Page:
When a parent develops dementia, it often causes friction in the family as many on TP will tell you. Everyone seems to have a different idea about what should be done and it frequently splits families which is a sad situation that unfortunately can become permanent.

    You don't tell us much about how long your mum has been ill or much about her care prior to coming to you. It seems to me though that if your mother has been behaving like you say for quite a while and your dad has been the primary carer then many of us will recognise and understand how exhausted he might be.

    You have had your mum for a short time and you are already struggling to cope. Imagine how you might feel after three or maybe six months of trying to keep your mum safe. You are also discovering that this illness affects all those around the person who has it - you have already mentioned your husband and child so it is not just your mum that needs to be considered but you and your family, as well as your dad and extended family.

    I think you need to think about where your dad is coming from and that you might need to understand what he has been through. He may well have been struggling for some time and then you try to intervene without knowing what you are taking on. His reaction sounds like that of a man who is at his wits' end, who is exhausted and frustrated and I am not surprised that he had little patience for your insistence on taking her for Christmas.

    It is difficult without knowing all the details but I think the best way to help your mum is to restablish a good connection with your dad and sister. Now you have had a little experience in what it is like to care for your mum, I hope that perhaps you just might be open to listening to what your dad thinks.

    Good luck
     
  7. stanleypj

    stanleypj Registered User

    Dec 8, 2011
    10,658
    North West
    You have done a loving thing in trying to help your mum in this way. Getting her out of hospital was a good move. You have absolutely nothing to feel guilty about.

    But you were seeing if you could cope in the longer term. Clearly you are right to say that you can't go on living like this, not because of anything within your control but because of the nature of your mum's condition.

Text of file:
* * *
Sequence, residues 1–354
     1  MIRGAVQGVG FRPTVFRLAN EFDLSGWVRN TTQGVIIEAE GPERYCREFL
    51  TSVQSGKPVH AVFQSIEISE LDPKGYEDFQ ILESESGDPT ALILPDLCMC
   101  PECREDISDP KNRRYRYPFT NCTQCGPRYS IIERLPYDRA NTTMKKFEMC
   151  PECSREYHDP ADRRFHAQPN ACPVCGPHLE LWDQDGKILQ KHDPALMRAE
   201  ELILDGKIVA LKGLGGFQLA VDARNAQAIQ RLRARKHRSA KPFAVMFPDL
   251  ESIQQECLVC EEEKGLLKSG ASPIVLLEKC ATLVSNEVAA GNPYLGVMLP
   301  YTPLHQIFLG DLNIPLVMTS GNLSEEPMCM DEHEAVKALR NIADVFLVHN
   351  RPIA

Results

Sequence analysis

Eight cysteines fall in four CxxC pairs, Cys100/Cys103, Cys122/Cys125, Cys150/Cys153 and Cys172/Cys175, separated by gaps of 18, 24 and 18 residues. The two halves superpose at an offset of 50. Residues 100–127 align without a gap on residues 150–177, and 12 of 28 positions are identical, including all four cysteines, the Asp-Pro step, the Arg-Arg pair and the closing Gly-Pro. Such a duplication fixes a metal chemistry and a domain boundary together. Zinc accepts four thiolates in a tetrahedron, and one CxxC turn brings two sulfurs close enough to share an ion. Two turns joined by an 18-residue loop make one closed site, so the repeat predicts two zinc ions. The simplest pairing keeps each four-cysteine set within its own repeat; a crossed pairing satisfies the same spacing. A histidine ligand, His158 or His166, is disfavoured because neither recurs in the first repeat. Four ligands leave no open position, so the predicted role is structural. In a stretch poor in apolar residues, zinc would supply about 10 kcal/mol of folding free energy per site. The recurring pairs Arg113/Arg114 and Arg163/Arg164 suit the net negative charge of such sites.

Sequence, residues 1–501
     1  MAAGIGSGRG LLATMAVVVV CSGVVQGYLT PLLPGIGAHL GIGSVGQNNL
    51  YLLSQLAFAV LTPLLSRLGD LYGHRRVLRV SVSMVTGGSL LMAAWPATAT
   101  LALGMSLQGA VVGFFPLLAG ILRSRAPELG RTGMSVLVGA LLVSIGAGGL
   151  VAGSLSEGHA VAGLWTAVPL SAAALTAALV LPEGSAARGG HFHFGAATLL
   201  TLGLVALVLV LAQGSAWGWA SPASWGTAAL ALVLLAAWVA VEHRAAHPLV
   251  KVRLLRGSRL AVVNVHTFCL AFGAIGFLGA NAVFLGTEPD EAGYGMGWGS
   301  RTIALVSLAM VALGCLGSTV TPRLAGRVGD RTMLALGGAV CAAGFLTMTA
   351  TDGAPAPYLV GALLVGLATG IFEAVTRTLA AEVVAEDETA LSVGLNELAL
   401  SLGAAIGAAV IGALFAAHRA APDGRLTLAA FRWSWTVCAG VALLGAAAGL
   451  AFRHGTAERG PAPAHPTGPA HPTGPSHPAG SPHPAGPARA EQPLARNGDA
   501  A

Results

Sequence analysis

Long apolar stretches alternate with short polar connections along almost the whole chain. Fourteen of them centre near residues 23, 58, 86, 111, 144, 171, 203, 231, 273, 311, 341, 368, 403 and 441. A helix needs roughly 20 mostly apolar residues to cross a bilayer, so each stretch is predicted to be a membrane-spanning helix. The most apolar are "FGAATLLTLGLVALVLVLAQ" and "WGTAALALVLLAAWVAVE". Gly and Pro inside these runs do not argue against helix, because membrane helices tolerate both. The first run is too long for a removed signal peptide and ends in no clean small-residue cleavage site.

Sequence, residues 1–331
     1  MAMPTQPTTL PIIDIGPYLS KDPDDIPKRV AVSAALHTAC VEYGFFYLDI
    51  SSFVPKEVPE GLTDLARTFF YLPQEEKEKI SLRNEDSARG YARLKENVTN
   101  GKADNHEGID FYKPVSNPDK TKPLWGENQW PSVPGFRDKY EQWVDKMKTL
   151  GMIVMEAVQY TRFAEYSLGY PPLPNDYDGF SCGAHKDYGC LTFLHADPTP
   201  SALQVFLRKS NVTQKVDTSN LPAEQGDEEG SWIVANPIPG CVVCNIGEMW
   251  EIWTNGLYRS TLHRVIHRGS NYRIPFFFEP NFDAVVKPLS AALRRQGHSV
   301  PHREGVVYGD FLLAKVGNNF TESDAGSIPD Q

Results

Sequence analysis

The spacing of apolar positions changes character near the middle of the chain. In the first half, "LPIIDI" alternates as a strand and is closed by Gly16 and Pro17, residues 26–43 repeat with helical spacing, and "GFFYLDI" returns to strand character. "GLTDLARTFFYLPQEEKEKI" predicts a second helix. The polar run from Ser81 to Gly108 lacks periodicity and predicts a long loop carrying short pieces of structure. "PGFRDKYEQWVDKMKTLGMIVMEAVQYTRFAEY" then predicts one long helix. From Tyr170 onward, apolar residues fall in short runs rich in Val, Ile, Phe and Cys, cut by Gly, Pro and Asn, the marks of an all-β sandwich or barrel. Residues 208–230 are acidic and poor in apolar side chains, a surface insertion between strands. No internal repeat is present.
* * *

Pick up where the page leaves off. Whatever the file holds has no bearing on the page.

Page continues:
I think you have answered your own questions. It's very sad indeed but you know that the situation can't continue. It's no good for you and your family and, in truth, no good for your mum any longer.
     
  8. canary

    canary Registered User

    Feb 25, 2014
    10,696
    Female
    South coast
    I think that dementia is somehow destined to make us feel a failure because dementia is just too big and powerful for us. We cannot give them what they want - we cannot take them home, fetch their parents, find imaginary items, allow them to do dangerous things (that they dont understand are dangerous) and stay with them 24/7 (we have to eat, sleep and go to the loo!) - and we have to get them to do things that they dont want to do - get them to wash, change their clothes and sort out personal care.
    Whatever you do it is not enough. It is just too big.

    You have tried your best and I think that if you had not tried you would still be wondering "what if". Now is the time to find an alternative. Get back with your sister and your dad and go and look at care homes. There are good ones out there, who will look after your mum and there will be more than one person on duty during the day and night.
     
  9. Kylie

    Kylie Registered User

    Dec 7, 2015
    18
    Devon
    Thank you so much xxxxxxxxxxxx